Recently my eldest granddaughter, Taria, 8, was assigned to re-create a work of art. She chose my favorite photograph, one that’s hung in our home since my three daughters were young, and enlisted her mother — my eldest daughter — to take a carefully posed picture. Backs toward the camera, Taria and her two sisters, Alila and Neasa, sit with arms entwined around each other’s waists and shoulders. It’s a beautiful re-creation of the aptly named Entre Nous by Willabel Cole Mitchell.
The French often use the nuanced term entre nous — ”between us” — when they’re telling a secret that should remain so. I can think of no better phrase to describe the confidences shared between sisters. I once read that no one in the world knows you better than a sibling of the same gender and about the same age. This has certainly been true for me.
My sisters — one older, one younger — have known things about me that no one else knows or ever will know. Secrets held entre nous.
When we were young, my grandparents lived on the other side of our duplex. My sisters and I would sneak through a hole in the cellar wall to creep up the stairs and surprise Gram as she baked our favorite chocolate chip cookies. In winter, we sledded down our backyard hill, over an embankment, and onto a frozen stream, one of us keeping an eye out for our mother because this was considered dangerous and off-limits.
In summer, we spent a week at the beach. Only my sisters would remember how upset I was when I lost my red purse at high tide, all my savings washed away along with my hope of a special souvenir. In our shared bedroom with a twin bed and bunk beds, we whispered late into the night about crushes, broken curfews, unfair parental rules. When my younger sister was hospitalized for a week with a serious infection, and later, when my older sister left for college, I felt bereft without both my sisters as bookends — off-kilter, unbalanced.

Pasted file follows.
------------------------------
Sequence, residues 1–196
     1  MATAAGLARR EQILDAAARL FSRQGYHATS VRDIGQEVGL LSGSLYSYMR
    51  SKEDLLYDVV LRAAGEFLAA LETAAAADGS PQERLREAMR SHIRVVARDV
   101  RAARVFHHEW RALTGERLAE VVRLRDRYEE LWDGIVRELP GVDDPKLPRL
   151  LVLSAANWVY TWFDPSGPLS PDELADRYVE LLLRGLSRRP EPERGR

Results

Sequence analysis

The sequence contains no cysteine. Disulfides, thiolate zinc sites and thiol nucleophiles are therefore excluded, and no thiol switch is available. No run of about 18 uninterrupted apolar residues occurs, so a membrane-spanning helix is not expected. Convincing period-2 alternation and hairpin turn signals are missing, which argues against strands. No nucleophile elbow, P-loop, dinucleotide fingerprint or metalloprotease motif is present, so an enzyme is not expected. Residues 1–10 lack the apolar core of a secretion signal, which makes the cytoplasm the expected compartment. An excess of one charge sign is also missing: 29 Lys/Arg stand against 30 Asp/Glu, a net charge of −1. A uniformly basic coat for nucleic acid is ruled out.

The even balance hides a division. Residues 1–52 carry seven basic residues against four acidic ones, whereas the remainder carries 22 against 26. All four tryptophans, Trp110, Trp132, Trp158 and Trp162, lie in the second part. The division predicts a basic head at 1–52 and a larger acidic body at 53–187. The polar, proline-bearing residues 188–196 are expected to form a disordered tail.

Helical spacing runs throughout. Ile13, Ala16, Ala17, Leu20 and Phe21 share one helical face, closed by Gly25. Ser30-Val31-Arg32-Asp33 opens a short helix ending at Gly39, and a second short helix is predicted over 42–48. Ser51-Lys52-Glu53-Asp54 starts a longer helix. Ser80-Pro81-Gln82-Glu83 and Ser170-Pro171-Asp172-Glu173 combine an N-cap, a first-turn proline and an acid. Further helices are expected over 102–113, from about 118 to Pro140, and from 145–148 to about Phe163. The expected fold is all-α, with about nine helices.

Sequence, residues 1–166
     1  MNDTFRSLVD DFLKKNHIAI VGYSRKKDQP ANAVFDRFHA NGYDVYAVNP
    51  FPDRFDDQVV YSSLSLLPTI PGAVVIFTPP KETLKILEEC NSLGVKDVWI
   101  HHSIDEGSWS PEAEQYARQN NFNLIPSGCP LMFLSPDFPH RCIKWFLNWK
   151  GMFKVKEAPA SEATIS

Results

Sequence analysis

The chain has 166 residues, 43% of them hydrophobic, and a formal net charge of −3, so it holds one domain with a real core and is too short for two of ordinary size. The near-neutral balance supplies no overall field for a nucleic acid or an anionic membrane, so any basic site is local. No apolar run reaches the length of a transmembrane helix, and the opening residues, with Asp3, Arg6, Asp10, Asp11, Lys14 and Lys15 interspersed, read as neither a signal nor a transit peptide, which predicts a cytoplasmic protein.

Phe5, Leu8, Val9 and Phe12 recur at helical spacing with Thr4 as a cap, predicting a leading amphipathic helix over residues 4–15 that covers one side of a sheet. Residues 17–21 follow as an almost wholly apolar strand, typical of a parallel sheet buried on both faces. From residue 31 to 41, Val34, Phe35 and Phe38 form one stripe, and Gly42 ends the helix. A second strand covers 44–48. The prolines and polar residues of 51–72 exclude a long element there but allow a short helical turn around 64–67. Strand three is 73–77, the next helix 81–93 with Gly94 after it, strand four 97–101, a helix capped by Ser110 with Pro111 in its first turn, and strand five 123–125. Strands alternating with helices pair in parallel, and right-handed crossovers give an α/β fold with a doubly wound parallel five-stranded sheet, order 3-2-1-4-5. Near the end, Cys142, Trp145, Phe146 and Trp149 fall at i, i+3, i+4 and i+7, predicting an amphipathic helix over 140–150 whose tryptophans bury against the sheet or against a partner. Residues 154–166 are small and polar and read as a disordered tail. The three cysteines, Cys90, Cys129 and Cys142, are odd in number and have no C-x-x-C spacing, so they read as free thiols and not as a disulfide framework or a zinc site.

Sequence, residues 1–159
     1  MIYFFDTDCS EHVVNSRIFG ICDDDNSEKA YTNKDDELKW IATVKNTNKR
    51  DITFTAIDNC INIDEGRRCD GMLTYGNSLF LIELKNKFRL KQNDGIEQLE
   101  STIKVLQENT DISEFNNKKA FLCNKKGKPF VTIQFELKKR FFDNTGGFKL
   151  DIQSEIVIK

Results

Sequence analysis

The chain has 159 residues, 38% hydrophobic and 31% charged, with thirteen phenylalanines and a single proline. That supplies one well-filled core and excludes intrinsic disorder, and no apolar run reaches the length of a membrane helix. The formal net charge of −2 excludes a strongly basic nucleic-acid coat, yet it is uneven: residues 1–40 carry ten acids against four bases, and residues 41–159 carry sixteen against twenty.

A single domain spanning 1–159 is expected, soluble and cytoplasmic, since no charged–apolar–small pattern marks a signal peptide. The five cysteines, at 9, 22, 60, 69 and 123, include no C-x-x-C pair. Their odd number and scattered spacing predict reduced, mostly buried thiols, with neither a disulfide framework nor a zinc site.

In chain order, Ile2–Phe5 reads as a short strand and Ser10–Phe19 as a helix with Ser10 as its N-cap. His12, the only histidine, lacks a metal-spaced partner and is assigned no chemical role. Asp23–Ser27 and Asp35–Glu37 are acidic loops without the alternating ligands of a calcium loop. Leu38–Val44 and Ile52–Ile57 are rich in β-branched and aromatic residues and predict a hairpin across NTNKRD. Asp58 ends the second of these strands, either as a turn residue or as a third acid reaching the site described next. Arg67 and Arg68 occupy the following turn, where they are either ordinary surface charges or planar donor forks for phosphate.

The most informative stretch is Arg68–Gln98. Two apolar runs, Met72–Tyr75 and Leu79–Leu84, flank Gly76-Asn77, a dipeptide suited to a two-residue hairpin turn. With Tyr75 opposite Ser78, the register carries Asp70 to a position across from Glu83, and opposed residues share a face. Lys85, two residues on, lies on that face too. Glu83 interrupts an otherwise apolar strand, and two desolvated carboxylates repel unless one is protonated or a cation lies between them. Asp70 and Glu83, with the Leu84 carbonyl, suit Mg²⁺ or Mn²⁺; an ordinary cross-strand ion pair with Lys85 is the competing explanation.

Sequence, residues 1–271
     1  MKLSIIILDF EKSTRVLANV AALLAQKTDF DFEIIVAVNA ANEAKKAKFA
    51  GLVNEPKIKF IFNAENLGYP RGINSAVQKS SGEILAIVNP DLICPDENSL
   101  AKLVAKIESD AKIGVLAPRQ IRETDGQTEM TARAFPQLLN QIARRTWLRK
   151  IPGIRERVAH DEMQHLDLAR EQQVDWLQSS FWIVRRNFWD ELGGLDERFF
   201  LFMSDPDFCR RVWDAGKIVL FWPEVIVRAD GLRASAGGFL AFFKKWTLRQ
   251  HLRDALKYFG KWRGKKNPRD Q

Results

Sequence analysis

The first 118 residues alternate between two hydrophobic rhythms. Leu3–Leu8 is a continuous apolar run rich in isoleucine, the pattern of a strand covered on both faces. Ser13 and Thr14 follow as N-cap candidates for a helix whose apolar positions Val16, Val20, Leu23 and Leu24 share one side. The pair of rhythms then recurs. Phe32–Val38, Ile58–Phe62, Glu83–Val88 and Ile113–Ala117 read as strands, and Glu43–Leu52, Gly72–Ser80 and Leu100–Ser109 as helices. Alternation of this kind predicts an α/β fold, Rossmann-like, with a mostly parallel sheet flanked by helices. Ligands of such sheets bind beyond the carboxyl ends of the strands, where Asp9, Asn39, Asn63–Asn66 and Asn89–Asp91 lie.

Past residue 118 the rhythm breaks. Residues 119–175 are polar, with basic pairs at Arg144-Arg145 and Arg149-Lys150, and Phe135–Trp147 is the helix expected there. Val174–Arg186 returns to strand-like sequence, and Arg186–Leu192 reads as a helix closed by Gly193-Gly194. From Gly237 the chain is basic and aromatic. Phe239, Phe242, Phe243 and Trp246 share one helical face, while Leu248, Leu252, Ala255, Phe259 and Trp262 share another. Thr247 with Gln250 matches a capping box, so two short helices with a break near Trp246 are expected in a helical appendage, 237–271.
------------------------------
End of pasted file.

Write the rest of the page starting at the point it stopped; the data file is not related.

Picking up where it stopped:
As a young mother, I delighted in the antics of my own three daughters. To my amusement, I’d overhear them playing, telling each other “let’s pretend we’re sisters.” The mysteries surrounding missing chocolates, broken toys, and undone chores usually went unsolved. The girls exchanged knowing glances but offered no explanations. When a teacher reported that they’d arrived late for school several days in a row, despite having left the house early, none of them confessed that they’d been walking backward, as an experiment.
Luckily for me, my eldest daughter and her own three lovely daughters live nearby, and I spend most Wednesdays with them. I smile as I overhear my granddaughters saying “let’s pretend we’re sisters,” taking me back to that earlier time. I’m awed by their creativity when inventing unique games like “Unicorns Galore” and “Attack Eleven Screams,” which is exactly what its name implies. The games may be different, but the girls are strikingly familiar.
My older sister died in 1985 at age 31, and my younger sister died in 1998 at age 40. Both waged long, courageous battles with cancer. I clutched their hands at the end, dreading the inevitability of letting them go.
I’m 64 now, and my sisters have been gone for decades. Yet, if a new acquaintance asks me how many siblings I have, I always reply, “I have two sisters.” I don’t explain that they died years ago. I still sense them as my bookends, warding off that incomplete, lopsided feeling.
Now I’m Gram, baking my granddaughters’ favorite chocolate chip cookies. “Gram,” they beg, “tell us how you snuck through the hole in the cellar wall with your sisters, to scare your grandmother when you were a girl.” So, I tell the story once again, gratefully passing along all those secrets, once held entre nous.
Monica Driscoll Stuart is a writer in Waltham. Send comments to firstname.lastname@example.org. E-mail your 650-word essay on a relationship to email@example.com. Please note: We do not respond to submissions we won’t pursue.